350. We would like to thank again all the delegations that engaged on the EU proposal. We have noted the main two additional angles as regards requirements in Article 31bis – one concerning the labelling requirements and one the statements on the lack of manufacturing capacity. We would like to invite Members to present views on these two issues. We are all aware of the justification of the labelling requirement – which is an anti-diversion measure. It seems to us that in the case of exports to multiple countries there is no need of distinguishing labels depending on the importing country. We would be interested to know whether this is also the understanding of the other Members. It would be important to understand which aspect of the labelling requirement is viewed as cumbersome so that we can advance on our discussion. The same goes for the requirement to indicate the insufficient manufacturing capacity – we would be very interested to hear the views of Members on this requirement. This would also help us present in more detail a case study as suggested by the United Kingdom.
351. We are also discussing bilaterally with various delegations to explain our proposal in more detail and will continue these efforts.
352. Chair, we had important and good exchanges with Members on the EU proposal in the context of the text-based process. In view of these exchanges and the great potential of finding solutions on the basis of the EU approach, we would like to ask you to reflect this fact in the report to the General Council. It is, in our view, vital for the next steps that the General Council has the full view of the discussions that are taking place in the TRIPS Council and all proposals that are on the table.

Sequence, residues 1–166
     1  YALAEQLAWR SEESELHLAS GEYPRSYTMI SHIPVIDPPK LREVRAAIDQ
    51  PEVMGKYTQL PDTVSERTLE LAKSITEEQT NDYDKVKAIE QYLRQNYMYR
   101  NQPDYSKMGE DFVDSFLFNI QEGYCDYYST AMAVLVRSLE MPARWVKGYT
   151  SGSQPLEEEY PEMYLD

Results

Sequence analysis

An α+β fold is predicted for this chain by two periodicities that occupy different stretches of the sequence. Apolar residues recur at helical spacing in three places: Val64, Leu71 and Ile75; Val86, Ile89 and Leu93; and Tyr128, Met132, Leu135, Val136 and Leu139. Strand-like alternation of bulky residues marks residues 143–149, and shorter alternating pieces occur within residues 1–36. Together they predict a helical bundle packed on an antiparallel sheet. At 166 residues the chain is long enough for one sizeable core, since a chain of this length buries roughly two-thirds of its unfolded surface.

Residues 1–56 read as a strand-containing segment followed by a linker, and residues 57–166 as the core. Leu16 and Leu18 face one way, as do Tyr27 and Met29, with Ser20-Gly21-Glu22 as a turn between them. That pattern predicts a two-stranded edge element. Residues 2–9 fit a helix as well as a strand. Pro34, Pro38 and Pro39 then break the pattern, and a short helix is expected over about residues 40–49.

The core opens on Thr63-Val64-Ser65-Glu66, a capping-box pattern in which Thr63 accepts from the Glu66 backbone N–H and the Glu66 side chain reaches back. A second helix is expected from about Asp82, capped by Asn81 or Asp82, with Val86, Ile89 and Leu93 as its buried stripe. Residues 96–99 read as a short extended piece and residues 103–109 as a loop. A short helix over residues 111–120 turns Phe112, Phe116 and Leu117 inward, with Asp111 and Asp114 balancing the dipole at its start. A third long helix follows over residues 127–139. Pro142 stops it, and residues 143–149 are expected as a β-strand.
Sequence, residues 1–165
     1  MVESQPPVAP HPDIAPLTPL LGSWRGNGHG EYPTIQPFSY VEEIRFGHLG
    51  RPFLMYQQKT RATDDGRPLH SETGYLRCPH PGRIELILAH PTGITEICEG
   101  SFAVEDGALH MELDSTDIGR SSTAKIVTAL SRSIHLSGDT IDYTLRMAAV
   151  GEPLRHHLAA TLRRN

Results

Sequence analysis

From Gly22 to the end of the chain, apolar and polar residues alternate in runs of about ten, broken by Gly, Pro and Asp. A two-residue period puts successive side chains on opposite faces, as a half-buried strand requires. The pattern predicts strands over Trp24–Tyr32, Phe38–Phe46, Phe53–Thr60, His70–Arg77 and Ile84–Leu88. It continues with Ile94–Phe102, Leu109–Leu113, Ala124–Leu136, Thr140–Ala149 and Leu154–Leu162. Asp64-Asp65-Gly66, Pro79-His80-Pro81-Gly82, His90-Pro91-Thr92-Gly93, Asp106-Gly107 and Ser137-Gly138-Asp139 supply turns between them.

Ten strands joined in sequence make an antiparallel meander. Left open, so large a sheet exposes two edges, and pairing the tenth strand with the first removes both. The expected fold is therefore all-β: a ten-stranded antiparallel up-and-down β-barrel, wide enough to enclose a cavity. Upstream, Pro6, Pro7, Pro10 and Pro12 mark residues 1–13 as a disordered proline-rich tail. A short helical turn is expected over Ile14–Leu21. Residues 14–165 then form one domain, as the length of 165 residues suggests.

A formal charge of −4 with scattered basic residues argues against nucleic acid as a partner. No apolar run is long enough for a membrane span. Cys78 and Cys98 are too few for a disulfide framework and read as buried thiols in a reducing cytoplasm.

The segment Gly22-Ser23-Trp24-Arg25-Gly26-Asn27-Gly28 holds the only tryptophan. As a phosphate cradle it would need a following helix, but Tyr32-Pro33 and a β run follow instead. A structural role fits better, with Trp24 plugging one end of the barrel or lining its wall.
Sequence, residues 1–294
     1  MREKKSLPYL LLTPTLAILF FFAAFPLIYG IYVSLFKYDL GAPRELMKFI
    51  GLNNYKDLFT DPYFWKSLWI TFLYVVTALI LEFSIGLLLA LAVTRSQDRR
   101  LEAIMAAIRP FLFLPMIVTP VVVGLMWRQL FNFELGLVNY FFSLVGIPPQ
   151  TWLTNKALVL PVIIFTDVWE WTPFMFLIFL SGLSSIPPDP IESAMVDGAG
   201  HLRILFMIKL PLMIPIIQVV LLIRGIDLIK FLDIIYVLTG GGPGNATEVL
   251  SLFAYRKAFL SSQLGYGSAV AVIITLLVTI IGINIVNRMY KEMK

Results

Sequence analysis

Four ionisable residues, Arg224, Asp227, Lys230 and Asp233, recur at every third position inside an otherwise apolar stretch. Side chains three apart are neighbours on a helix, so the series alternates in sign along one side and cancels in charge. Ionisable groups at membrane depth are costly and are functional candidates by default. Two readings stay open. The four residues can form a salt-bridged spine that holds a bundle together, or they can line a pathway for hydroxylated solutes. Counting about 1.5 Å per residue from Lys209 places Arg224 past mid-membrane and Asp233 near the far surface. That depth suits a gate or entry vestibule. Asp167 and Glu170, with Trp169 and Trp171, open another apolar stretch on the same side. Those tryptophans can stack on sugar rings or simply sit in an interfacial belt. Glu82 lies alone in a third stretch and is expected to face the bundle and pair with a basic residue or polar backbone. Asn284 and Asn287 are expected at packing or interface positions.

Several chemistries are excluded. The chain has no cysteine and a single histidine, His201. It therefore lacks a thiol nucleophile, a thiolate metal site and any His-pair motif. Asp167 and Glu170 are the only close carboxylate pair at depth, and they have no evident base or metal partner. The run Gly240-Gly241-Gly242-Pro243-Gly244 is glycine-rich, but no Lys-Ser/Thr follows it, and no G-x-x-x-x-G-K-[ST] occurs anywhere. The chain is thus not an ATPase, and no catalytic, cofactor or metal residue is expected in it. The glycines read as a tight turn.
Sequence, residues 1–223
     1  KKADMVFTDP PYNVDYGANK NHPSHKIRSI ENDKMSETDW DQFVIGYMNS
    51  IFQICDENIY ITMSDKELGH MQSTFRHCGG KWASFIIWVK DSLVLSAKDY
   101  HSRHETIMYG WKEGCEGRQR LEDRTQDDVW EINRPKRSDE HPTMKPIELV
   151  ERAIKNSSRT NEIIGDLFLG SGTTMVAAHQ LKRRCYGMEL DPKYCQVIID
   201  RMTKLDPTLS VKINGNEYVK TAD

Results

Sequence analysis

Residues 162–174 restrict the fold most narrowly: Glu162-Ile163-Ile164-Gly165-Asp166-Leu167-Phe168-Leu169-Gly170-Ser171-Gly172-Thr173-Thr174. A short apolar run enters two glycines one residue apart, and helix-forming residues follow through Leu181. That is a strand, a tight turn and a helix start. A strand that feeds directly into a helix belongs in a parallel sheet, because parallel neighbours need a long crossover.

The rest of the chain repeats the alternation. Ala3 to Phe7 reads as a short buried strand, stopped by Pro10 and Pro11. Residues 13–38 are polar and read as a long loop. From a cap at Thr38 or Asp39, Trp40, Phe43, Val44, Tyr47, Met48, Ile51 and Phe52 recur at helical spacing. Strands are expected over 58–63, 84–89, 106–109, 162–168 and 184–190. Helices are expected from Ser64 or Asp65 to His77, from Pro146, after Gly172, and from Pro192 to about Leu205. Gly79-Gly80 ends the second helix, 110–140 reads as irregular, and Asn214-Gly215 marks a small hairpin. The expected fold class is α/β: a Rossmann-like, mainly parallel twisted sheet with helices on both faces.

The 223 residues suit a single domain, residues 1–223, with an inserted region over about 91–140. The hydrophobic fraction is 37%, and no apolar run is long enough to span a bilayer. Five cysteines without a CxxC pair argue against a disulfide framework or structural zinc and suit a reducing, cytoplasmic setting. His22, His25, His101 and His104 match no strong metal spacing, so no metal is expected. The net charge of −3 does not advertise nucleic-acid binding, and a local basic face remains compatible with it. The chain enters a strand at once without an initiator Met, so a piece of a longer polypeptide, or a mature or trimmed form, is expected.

353. As was mentioned by a number of delegations, the EU believes that Members should focus on solutions which are targeted, pragmatic and that can bring results in the short-term. In this context, we invite Members to discussions on the EU proposal. As indicated in the previous meetings, the EU is also ready to discuss all aspects of compulsory licensing system that would merit clarification to enhance efforts to scale up the production of COVID-19 vaccines, therapeutics and diagnostics.
354. Finally, we would like to emphasise that the IP-related discussion is only a part of the multipronged approach proposed by the EU. We call on all Members to engage in discussions on all elements of this approach as only this way we will be able to adequately respond to the current crisis.